I remember talking to Justice (Retd.) Sajjad Ali Shah a couple of years ago whom I had met seeking advice on a legal matter. While he sought time to think about our matter I asked him of his fee. In response, he narrated the story of Quaid-e-azam. Jinnah, the lawyer, had charged an advance sum of Rs. 35,000 for representing a client. Upon taking the case he worked late into the night preparing it when he realized that it could have been handled equally well by even a less qualified lawyer. The next day he met with the client and paid back Rs. 30,000 with the advice that he could save money by hiring an ordinary lawyer and didn’t need one of his stature. The Rs. 5,000 he kept back were the charges for the effort he had put into it the previous night. Along with the money he handed back he also gave his notes to him with a permission of its use by the lawyer who would be then be hired by the client. I had gotten my answer to my query, Justice Shah’s fees would be laudably fair. It is giants like these who are to be produced by the nation’s mothers. We cannot afford anything less for taking us through the stormy waters to the shores of greener pastures. Those mothers are now part of history or seemingly so.


Tell me, where do I bring some optimism from? I want to see the glass half full but I can’t find any evidence. Is it that Sharmeen Obaid Chinoy has been awarded an Oscar or the youngest Microsoft professional was a Pakistani girl or Dr. Salam shared a Nobel Prize in Physics? Statistically speaking these achievers and many more are merely random outliers in any population. But I still need hope and optimism for the young ones. Do I get it from Zardari et. al? Do I get it from Nawaz Sharif? Or is it the clean yet arrogant Khan? No, wait. From Kyani? Altaf bhai? Maulana? Or none of the above.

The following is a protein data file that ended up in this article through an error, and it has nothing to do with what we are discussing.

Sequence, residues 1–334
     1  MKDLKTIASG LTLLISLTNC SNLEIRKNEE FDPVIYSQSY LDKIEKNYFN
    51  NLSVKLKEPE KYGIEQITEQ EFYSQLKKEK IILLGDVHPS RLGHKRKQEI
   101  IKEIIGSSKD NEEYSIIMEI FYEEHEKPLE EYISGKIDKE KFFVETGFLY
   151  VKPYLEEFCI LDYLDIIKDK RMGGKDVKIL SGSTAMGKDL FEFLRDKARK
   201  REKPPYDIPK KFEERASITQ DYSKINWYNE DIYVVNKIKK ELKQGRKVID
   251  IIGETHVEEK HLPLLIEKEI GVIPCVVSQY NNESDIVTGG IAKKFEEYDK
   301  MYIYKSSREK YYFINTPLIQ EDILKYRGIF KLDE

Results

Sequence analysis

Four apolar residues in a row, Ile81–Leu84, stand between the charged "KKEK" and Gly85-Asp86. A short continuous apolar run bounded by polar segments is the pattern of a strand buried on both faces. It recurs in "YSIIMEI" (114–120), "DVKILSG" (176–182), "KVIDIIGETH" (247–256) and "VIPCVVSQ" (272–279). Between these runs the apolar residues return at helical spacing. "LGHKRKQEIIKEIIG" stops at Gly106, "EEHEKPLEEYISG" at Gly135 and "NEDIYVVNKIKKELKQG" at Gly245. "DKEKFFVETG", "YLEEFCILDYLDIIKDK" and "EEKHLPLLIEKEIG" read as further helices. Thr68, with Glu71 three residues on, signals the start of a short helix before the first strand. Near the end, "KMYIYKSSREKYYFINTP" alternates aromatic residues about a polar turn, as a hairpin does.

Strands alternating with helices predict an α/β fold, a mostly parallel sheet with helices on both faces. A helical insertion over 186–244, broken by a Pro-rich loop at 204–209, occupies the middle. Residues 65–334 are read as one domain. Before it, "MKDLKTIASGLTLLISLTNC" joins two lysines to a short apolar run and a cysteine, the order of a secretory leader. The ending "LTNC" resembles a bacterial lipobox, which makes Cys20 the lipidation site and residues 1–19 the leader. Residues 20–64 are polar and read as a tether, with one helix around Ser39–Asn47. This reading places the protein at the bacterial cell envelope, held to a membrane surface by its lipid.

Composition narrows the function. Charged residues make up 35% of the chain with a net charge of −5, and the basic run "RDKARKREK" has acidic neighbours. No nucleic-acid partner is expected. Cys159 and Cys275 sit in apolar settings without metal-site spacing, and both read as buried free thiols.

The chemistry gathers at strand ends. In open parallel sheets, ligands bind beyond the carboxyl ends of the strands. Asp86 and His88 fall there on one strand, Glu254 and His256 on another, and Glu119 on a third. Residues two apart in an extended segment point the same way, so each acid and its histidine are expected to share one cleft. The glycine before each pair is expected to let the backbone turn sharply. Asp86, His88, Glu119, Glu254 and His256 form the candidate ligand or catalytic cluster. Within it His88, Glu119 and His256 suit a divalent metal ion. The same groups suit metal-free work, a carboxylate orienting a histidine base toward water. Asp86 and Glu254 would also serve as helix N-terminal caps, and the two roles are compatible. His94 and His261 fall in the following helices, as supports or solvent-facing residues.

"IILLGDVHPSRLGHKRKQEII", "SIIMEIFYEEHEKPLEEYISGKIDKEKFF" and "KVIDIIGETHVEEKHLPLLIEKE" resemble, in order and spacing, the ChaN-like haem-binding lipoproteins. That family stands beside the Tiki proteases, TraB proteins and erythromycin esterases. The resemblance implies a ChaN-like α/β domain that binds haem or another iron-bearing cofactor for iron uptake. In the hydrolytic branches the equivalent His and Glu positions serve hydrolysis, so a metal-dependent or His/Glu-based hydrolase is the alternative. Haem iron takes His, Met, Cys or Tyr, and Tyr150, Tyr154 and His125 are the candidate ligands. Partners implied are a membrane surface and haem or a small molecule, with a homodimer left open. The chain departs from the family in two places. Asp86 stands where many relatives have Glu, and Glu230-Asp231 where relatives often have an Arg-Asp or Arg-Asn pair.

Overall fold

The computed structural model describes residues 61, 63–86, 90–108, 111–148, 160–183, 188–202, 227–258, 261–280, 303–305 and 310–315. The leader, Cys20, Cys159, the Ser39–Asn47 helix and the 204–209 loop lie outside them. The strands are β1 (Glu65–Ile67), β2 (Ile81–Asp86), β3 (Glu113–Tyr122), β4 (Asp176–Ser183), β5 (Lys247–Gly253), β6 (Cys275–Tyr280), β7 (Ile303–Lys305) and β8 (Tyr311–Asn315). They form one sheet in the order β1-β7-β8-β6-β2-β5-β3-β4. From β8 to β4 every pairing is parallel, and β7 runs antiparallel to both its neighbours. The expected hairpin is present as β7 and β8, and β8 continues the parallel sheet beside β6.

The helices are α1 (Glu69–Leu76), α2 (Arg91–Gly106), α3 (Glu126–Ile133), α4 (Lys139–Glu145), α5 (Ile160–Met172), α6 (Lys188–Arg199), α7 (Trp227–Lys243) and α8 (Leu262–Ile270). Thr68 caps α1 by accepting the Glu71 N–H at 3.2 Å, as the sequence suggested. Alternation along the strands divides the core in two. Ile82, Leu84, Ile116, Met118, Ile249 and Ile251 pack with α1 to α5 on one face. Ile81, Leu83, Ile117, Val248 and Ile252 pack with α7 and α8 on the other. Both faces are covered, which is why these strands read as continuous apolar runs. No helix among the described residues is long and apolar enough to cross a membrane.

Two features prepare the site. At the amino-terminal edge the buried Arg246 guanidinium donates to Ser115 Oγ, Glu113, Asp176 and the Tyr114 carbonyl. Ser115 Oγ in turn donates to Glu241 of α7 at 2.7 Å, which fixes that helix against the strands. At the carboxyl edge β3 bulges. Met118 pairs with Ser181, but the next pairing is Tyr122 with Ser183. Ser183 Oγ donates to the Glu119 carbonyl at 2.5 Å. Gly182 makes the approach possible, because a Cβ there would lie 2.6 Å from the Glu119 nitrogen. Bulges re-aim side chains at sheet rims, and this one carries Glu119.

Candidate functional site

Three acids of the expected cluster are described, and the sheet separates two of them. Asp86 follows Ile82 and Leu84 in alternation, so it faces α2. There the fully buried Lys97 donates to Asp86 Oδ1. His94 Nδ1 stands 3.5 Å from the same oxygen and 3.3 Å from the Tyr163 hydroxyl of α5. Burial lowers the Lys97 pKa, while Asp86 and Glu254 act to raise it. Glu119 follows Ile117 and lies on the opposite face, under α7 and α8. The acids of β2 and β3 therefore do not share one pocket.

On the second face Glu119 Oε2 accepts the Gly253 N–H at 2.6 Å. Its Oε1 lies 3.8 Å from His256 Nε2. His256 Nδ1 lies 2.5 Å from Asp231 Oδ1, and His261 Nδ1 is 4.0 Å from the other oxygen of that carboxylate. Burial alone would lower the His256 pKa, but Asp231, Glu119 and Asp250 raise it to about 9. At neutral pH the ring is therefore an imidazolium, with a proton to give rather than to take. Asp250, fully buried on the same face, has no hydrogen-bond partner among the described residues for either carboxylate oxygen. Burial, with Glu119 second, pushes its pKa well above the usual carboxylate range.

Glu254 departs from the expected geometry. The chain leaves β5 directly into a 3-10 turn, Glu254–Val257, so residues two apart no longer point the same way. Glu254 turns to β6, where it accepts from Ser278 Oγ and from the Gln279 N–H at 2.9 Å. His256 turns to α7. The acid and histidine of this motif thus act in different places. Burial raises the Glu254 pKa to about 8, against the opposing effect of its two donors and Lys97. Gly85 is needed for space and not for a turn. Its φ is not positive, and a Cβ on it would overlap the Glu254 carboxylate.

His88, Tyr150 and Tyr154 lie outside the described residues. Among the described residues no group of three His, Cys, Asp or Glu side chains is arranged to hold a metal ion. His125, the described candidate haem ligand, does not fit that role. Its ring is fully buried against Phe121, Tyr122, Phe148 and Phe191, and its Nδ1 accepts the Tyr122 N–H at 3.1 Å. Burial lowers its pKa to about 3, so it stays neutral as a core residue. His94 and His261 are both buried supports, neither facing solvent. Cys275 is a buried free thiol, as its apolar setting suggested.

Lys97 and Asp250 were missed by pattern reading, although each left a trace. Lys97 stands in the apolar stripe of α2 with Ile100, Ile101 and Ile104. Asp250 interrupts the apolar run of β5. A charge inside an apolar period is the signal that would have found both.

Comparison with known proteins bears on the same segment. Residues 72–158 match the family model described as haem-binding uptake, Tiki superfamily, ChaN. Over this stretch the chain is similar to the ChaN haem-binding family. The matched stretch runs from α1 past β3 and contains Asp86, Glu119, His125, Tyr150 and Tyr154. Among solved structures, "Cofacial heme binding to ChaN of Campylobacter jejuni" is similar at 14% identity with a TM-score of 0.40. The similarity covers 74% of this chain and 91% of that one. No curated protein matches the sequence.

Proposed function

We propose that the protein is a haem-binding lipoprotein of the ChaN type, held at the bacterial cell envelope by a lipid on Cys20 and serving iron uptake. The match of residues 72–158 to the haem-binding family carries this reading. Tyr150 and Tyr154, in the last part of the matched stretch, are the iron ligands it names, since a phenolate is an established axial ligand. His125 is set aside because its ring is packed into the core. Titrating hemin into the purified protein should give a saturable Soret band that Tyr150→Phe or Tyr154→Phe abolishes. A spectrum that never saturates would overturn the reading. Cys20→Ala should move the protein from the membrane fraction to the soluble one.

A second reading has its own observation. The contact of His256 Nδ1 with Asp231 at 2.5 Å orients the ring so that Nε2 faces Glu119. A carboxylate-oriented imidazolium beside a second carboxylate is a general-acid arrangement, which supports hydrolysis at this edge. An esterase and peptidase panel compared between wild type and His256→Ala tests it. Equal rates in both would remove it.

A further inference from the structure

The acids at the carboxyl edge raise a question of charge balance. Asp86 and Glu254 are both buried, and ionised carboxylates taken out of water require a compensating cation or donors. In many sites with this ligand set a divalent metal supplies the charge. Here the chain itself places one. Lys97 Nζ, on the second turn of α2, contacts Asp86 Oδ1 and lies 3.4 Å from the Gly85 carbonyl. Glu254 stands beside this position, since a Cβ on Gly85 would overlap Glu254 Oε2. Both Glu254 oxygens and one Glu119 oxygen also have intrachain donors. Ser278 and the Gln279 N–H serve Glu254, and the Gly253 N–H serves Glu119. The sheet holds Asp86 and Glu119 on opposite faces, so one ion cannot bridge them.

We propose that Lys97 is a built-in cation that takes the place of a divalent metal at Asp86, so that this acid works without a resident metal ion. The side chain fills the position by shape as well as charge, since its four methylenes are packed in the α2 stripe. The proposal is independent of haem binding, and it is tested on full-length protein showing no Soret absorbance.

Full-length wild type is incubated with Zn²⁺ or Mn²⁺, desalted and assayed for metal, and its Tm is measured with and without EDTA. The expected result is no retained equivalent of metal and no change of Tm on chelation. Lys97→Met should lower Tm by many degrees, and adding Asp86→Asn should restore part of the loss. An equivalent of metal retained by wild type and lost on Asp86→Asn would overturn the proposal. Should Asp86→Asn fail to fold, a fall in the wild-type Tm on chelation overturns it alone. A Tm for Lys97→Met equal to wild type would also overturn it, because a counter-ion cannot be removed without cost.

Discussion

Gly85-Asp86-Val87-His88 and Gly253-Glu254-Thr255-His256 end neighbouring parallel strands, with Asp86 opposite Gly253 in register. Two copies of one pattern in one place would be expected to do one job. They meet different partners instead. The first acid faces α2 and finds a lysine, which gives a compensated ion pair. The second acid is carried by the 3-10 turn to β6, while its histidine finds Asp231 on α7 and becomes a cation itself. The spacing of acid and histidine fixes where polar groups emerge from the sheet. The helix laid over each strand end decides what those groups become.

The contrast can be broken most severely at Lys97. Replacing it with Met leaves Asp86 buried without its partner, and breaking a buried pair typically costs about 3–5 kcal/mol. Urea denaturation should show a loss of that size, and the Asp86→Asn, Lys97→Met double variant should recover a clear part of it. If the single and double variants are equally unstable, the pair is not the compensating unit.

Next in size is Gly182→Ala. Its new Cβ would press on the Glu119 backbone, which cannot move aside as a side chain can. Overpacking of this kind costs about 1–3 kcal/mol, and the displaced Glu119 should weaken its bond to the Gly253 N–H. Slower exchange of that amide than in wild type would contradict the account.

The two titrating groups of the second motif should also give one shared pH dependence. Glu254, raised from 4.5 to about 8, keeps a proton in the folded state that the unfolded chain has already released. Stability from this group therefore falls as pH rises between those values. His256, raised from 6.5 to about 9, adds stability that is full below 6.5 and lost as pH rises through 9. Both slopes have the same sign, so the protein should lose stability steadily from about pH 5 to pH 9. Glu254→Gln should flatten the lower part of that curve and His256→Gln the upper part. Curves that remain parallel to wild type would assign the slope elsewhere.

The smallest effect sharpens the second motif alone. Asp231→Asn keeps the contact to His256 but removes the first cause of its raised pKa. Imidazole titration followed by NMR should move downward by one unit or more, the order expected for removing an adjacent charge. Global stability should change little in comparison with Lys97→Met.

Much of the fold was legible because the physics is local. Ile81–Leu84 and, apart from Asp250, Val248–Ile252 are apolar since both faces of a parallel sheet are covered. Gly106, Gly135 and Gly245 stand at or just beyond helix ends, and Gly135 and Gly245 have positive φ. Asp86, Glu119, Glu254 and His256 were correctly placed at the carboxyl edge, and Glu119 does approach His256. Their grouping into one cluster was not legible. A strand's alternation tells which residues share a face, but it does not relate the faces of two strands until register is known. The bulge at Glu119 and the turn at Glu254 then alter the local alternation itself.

I could abandon ship as many of my peers are wont to do. Alternatively, I could choose to stay back and work on our children. There is no other way. I realize that it is I and only I who can be the epicenter of optimism. But first I need to get my values right. Values like personal courage to do the right thing – morally and legally; loyalty towards self, family, and country; hard work; integrity; obedience of the law; respect of others; plus; plus; and plus. Then I need to transfer them to my children and teach them that there are no shortcuts when you are doing the right thing in a society so poor of principles. Be brave for the long haul, I should tell them. I will plant the seeds for those following my generation to enjoy the fruit and that is my only hope.

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Written by Naveed Gilani


Peter Yeung

Are there many NGO’s in Karachi? Taking things in one’s own hands are always more effective than waiting for the help from any government.

Qaiser Naqvi

Every educated Pakistani is thinking the same. You are right upper class is not bothered about the sufferings of the poor masses.I foresee a revolution when havenots wud snatch away welth from ppl having wealth. A well written article which shd be published in the paper .

Rehan Usmani

Very true Naveed sb., if we want a true change, then be a part of our own Transformation and then take that out into the world. I think you should have it published in the newspaper.